Thy Sovantha shoots a video of herself at a marker on the Vietnam border during a CNRP-led trip to Svay Rieng province in July last year. (Alex Willemyns/The Cambodia Daily)

“If [Mr. Sokha] leads the country or holds a bigger position, I think that this country will be full of debauchery,” Ms. Sovantha said a few days later. “If the party is without Kem Sokha, it won’t disappear.”

Although many supporters interpreted the campaign against Mr. Sokha as part of a well-coordinated attack organized by the CPP, Ms. Sovantha insisted that she still supported the CNRP and was criticizing its leader out of concern for the party’s reputation.

Still, the activist’s sudden attack on Mr. Sokha led her popularity to rapidly tank. In May, her former fans began a mass campaign to “unlike” her page, which was soon suspended, just as she ramped up her personal NGO’s public forums in the provinces.

When Ms. Sovantha reopened the page last month, her once popular posts turned into online arenas for her old supporters to compete in using the most vulgar descriptions possible to attack her.

Having enraged her once massive network of opposition-aligned supporters, however, Ms. Sovantha had apparently made some new fans on the other side of the political divide.

Almost two years on from her calls for Mr. Hun Sen to resign, the activist was applauded in a speech on Friday by the prime minister, who had only praise for her environmental work in Koh Kong province’s beleaguered Areng Valley.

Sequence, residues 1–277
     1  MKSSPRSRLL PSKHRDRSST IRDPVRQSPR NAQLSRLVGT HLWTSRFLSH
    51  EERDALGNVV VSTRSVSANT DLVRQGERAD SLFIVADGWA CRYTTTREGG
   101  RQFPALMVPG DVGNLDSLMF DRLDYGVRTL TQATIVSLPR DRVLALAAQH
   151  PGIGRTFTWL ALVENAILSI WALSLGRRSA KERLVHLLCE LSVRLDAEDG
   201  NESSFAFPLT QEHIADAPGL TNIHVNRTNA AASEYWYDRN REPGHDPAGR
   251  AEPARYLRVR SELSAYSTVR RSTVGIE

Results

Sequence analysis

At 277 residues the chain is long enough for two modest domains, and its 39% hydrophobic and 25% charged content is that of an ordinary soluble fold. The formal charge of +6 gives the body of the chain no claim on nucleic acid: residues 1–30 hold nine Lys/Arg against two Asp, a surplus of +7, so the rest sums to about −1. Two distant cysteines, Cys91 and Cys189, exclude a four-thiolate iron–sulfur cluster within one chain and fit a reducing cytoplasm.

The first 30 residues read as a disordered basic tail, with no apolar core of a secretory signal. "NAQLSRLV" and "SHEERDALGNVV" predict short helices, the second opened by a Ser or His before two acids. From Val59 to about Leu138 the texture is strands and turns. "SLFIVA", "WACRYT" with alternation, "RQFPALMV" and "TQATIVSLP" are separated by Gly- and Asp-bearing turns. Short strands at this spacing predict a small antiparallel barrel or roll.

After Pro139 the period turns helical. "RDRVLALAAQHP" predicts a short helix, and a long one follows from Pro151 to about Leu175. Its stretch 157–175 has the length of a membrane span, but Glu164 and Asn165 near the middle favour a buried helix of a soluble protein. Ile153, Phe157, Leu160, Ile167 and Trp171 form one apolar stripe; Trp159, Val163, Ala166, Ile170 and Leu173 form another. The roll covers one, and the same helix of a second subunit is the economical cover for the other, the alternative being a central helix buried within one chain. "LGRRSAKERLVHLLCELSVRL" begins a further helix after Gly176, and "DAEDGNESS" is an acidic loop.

“Thy Sovantha, the active Facebook user, once led a group to the Areng Valley, and that’s a movement for protection [of the forests] that should be encouraged to make them continue,” Mr. Hun Sen said.

Ms. Sovantha responded by offering her first public praise of the prime minister.

“I, Thy Sovantha, would like to thank and respect to Samdech Techo Hun Sen, the prime minister of Cambodia, who has admired me for protecting the forests in Areng Valley,” Ms. Sovantha wrote.

“I wish that Samdech Techo and his family have good health and succeed over all obstacles.”

Mr. Sovichea, the CNRP campaign manager who brought Ms. Sovantha into the party in 2013 and serves as secretary-general of its steering committee, said on Monday that he first noticed the popular activist’s recalcitrance toward the CNRP in early 2014.